Loadings of Nigeria’s key export grade Forcados are on force majeure due to the shutdown of the Trans Forcados pipeline, terminal operator Shell said.
The force majeure took effect from 1000 local time (0900 GMT) on Jan. 14, a Shell spokesperson said.
A representative at Heritage said the Trans Forcados pipeline had initially shut down for “maintenance services” but “community disturbances” had disrupted the exercise. The pipeline therefore remained shut for longer than scheduled, leading to Shell declaring force majeure, the source said.
Forcados is a gasoil-rich sweet crude blend and is one of Nigeria’s top export grades. Output has averaged around 250,000 b/d over recent months.
Nigerian oil output has fallen sharply in the past six months as it has come under pressure to adhere to its OPEC+ cut obligations.
Some of the country’s key grades have had faced outages.
Exports of Qua Iboe are also currently on force majeure due to production issues triggered by a fire at the Qua Iboe terminal in mid-December.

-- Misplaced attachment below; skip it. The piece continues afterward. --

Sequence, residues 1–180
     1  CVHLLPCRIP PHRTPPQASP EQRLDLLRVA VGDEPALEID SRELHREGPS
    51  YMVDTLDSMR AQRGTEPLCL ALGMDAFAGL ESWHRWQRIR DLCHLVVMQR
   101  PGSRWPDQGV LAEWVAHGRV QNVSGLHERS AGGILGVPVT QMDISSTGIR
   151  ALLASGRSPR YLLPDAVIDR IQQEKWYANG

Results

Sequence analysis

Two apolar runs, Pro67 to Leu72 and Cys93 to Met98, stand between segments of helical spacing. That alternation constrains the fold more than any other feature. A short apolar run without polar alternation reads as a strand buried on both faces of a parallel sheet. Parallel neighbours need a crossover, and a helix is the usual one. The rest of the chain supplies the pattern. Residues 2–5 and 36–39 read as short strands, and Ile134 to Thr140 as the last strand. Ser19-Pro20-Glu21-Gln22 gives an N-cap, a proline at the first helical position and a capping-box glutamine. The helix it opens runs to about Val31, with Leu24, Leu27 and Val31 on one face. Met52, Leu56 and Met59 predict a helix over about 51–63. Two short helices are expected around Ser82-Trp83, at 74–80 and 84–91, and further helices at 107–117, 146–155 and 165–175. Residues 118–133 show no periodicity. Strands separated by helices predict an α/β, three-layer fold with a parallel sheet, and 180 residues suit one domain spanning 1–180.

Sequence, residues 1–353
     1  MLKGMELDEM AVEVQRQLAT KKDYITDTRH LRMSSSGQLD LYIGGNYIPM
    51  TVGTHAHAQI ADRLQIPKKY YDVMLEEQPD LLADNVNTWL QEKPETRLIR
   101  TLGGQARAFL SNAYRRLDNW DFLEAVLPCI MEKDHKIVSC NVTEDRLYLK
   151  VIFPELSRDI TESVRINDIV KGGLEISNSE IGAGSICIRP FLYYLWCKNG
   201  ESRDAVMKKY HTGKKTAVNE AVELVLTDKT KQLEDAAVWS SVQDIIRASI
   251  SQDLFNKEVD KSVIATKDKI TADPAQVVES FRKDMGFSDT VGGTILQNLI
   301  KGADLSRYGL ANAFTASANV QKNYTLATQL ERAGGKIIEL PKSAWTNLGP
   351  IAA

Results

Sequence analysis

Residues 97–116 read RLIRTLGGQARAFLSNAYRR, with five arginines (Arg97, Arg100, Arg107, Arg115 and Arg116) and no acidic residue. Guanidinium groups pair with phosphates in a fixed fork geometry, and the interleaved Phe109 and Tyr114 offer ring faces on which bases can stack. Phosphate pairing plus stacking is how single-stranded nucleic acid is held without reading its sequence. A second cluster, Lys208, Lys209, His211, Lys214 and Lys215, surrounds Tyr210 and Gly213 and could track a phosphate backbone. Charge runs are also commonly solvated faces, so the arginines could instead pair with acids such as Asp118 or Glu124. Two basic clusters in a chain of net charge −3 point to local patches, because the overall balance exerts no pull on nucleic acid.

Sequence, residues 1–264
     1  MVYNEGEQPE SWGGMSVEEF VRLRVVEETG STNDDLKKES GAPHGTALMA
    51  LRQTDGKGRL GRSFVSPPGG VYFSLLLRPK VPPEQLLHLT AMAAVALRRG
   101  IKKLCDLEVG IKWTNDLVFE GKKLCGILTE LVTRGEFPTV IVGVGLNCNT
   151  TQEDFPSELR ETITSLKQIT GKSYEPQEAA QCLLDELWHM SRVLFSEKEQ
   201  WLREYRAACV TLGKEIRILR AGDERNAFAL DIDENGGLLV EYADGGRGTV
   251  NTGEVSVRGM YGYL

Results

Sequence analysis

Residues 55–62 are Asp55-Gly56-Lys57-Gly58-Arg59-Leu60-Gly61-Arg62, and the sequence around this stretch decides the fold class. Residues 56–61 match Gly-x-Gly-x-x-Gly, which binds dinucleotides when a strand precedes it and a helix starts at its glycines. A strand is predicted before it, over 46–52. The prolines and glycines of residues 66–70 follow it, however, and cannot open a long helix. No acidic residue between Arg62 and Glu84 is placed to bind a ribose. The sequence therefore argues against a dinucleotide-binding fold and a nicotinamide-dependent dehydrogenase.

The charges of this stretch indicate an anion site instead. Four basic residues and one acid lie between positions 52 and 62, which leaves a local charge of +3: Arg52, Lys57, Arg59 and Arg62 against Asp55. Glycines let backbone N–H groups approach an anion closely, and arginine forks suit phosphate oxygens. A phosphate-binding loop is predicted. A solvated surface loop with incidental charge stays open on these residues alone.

Exports of Brass River were on force majeure from late November to mid-December after a sabotage attack on an oil and gas pipeline.
Nigeria’s crude and condensate production slumped to around 1.66 million b/d in 2020 from 2.04 million b/d in 2019, according to S&P Global Platts estimates.
This was its lowest annual output figure since 2016 when militancy in the Niger Delta pushed output to as low as 1.60 million b/d.
Last week, a coalition of former oil rebels in the Niger Delta, now known as the Reformed Niger Delta Avengers, threatened to resume attacks on oil installations in the country’s main oil producing region.
A presidential amnesty program for militants to maintain peace in the Niger Delta remains in place but there are concerns that militancy might be picking up again.